I'm a history buff with middle of the road views and started the book with much enthusiasm. The book's discussion of fascism, Mussolini and Hitler is written in a brilliant almost breezy style by a highly intelligent man who has clearly researched his subject thoroughly and is well read. I wondered a little at his saying Hitler is a left-winger but then it's just a matter of definitions. His history of the W My son, a far-right conservative loaned me this book and I was fascinated with it.
His history of the Wilson presidency was a revelation to me, I had not been aware of how repressive the Wilson era was. At this point I trusted Goldman. Now I don't know what to believe about Wilson.
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As I got farther into the book it began to seem to me he was critical of "liberals" and "progressives" and never mentioned conservatives. When I got to his discussion of McCarthyism he disappointed me. This is something I know a little about. To quote Goldman " But nothing that happened under the mad reign of McCarthy remotely compares with what Wilson and his fellow progressives foisted on America. McCarthy, an opportunist rabble-rouser with presidential aspirations was willing to ruin careers to advance his ambitions. Further the appropriately named House of Unamerican Activities' witch-hunts is one of the most shameful periods in American politics and a stain on the Republican party.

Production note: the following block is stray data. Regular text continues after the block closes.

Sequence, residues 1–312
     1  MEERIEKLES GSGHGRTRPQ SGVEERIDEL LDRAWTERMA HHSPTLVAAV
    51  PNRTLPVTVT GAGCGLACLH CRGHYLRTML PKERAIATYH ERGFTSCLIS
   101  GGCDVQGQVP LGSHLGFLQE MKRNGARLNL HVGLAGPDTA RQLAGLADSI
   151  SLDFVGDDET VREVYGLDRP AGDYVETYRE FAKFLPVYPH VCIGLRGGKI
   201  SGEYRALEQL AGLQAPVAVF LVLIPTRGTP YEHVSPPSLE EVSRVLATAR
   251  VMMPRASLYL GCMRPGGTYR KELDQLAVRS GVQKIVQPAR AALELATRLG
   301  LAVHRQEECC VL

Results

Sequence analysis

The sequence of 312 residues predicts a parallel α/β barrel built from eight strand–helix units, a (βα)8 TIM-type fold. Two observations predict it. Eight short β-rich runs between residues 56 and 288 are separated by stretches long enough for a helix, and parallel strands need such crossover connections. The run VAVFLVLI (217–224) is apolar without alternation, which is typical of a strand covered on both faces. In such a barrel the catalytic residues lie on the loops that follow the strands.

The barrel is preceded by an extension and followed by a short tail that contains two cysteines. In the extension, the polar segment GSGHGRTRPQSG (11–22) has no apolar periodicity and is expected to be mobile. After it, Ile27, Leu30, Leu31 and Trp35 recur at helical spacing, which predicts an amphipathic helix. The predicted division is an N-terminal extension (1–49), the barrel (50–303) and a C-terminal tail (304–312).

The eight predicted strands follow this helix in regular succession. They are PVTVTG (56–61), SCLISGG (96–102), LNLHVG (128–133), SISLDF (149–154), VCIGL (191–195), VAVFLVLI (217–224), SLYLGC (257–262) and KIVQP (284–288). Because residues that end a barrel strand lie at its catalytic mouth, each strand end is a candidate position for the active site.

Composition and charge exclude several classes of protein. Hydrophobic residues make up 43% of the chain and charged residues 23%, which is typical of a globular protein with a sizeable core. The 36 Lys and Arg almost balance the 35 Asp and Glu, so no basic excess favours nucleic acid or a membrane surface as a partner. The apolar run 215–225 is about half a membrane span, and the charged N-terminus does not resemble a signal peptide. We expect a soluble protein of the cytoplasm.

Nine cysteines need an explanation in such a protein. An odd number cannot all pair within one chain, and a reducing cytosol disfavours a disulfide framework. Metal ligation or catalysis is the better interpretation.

Many people thought communism might have answers during the dark days of the depression and to dismiss the matter as a few Hollywood writers who'd supported Stalin and then lied about it and lost their jobs is simply another injustice heaped on young men who were searching for answers during a time our economic system appeared to be collapsing. They represented little or no danger to America. The investigation into the army was, mercifully, the beginning of the end for McCarthy when Joseph Welch successfully challenged his character. I continued reading for a while but I finally gave up on him after I got to his tepid attempts to drag Roosevelt's name through the mud.
I thought Jonah Goldberg had written a scholarly, intelligent history book. He has not, he has written more of the biased and unfair conservative propaganda I so often find during my research. Besides I still don't know what fascism is. What's more what am I going to tell my son?